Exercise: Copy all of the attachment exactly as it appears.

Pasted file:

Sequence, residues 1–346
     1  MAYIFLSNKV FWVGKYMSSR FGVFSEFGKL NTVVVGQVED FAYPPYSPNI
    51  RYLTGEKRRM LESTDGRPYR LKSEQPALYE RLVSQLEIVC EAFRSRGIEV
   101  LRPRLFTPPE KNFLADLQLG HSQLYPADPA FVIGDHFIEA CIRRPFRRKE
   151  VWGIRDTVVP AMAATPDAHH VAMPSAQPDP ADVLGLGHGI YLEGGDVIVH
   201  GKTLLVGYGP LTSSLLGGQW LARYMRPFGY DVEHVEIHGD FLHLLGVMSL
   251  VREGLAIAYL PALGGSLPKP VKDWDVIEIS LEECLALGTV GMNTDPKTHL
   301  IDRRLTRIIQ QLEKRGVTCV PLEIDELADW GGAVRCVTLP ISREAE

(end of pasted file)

Sequence, residues 1–346
     1  MAYIFLSNKV FWVGKYMSSR FGVFSEFGKL NTVVVGQVED FAYPPYSPNI
    51  RYLTGEKRRM LESTDGRPYR LKSEQPALYE RLVSQLEIVC EAFRSRGIEV
   101  LRPRLFTPPE KNFLADLQLG HSQLYPADPA FVIGDHFIEA CIRRPFRRKE
   151  VWGIRDTVVP AMAATPDAHH VAMPSAQPDP ADVLGLGHGI YLEGGDVIVH
   201  GKTLLVGYGP LTSSLLGGQW LARYMRPFGY DVEHVEIHGD FLHLLGVMSL
   251  VREGLAIAYL PALGGSLPKP VKDWDVIEIS LEECLALGTV GMNTDPKTHL
   301  IDRRLTRIIQ QLEKRGVTCV PLEIDELADW GGAVRCVTLP ISREAE